Financialization and the consumer credit boom

Langley, Paul (2008) Financialization and the consumer credit boom. Competition and Change, 12 (2). pp. 33-147. ISSN 1024-5294

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Official URL: http://dx.doi.org/10.1179/102452908X289794

Abstract

Viewed in retrospect, the concept of 'financialization' highlights the massive growth in the issue and trading of ownership claims on all manner of instruments. It has also opened the way for research linking these changes in the financial markets to disciplinary transformations in corporate management and governance. There are, however, future prospects for financialization research once the concept is re-worked from a cultural political economy perspective and changes in the financial markets are linked to the consumer credit boom in Anglo-American economies. Grounded in the calculative creation and management of default risk by lenders, markets for asset-backed securities and credit derivatives have emerged that trade claims on the future repayments of borrowers on car loans, credit cards and so on. Disciplinary transformations also arise in everyday financial self-government. Thrift and prudence are no longer paramount in extending individual freedom and security, but are displaced by the responsible and entrepreneurial meeting, management and manipulation of outstanding obligations.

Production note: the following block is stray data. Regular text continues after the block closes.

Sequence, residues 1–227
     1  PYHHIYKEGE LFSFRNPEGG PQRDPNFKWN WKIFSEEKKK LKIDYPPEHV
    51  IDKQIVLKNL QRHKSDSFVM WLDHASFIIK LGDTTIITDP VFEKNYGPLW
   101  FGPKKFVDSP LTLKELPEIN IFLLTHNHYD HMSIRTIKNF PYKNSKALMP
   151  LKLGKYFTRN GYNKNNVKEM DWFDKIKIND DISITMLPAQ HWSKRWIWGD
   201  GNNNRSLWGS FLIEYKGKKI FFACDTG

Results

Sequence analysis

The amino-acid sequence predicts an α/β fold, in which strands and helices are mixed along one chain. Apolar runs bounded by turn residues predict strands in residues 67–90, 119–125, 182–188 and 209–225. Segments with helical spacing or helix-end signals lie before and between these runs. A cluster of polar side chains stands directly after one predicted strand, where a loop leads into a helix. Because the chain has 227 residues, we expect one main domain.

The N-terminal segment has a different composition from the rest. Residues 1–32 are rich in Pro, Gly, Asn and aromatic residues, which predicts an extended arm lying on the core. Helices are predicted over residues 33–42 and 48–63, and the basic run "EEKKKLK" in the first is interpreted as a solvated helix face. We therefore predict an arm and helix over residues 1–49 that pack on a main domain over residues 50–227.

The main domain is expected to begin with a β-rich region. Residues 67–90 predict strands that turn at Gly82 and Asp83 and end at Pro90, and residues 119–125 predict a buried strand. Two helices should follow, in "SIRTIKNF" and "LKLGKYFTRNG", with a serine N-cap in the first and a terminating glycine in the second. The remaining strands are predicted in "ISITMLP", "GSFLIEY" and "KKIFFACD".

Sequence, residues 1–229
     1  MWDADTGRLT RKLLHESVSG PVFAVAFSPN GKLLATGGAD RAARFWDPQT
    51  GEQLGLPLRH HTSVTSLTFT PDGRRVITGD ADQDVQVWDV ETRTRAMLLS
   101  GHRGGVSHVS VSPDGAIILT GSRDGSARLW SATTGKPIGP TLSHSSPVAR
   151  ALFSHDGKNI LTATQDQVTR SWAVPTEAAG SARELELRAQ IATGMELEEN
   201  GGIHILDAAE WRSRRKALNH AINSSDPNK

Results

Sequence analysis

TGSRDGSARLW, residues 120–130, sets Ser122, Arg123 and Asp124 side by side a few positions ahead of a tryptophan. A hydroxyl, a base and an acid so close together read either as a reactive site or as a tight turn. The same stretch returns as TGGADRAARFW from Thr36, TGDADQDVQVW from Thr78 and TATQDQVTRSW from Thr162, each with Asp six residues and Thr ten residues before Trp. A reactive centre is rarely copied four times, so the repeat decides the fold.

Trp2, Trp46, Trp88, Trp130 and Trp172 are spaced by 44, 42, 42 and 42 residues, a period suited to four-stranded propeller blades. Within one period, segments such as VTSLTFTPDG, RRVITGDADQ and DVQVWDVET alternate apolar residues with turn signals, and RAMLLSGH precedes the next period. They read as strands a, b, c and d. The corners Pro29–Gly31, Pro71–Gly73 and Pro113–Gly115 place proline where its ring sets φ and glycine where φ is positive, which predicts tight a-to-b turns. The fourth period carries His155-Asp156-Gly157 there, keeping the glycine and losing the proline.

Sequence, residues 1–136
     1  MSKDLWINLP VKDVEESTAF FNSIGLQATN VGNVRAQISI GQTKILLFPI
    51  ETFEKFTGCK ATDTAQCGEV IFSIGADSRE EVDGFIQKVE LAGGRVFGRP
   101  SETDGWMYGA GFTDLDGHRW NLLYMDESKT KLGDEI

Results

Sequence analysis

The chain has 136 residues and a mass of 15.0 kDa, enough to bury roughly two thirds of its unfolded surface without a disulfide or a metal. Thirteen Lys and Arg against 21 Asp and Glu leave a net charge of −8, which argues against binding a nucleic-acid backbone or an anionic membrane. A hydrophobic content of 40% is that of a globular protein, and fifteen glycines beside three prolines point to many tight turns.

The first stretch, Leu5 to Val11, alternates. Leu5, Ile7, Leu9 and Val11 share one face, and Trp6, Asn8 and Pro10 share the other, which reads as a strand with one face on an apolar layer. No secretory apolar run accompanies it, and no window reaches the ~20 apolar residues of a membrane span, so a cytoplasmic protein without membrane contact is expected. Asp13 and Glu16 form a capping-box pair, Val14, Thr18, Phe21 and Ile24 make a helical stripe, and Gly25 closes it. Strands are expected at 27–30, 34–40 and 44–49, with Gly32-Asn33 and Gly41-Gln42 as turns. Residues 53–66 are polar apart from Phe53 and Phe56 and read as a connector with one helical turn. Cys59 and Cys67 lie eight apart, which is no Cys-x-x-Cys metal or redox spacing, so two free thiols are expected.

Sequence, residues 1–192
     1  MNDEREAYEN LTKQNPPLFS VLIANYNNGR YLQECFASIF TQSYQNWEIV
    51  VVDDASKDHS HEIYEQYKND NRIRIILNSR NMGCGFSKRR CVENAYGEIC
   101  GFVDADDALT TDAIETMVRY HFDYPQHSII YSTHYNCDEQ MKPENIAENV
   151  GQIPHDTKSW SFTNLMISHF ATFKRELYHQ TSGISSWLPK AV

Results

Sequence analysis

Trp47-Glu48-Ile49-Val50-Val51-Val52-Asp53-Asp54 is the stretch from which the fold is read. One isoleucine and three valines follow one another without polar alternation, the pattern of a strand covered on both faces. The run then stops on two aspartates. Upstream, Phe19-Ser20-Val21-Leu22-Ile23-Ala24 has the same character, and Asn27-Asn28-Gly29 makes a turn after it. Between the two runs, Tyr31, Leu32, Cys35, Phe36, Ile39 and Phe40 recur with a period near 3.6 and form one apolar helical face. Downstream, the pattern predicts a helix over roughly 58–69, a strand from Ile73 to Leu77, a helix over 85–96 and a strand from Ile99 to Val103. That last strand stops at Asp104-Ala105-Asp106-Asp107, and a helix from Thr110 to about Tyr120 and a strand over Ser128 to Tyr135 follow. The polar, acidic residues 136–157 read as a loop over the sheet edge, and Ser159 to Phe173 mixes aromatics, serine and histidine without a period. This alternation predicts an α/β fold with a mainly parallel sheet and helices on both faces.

Item Type: Article
Subjects: N300 Finance
Department: Faculties > Arts, Design and Social Sciences > Social Sciences
Depositing User: EPrint Services
Date Deposited: 11 Jun 2010 14:01
Last Modified: 24 Oct 2017 08:26
URI: http://nrl.northumbria.ac.uk/id/eprint/2243

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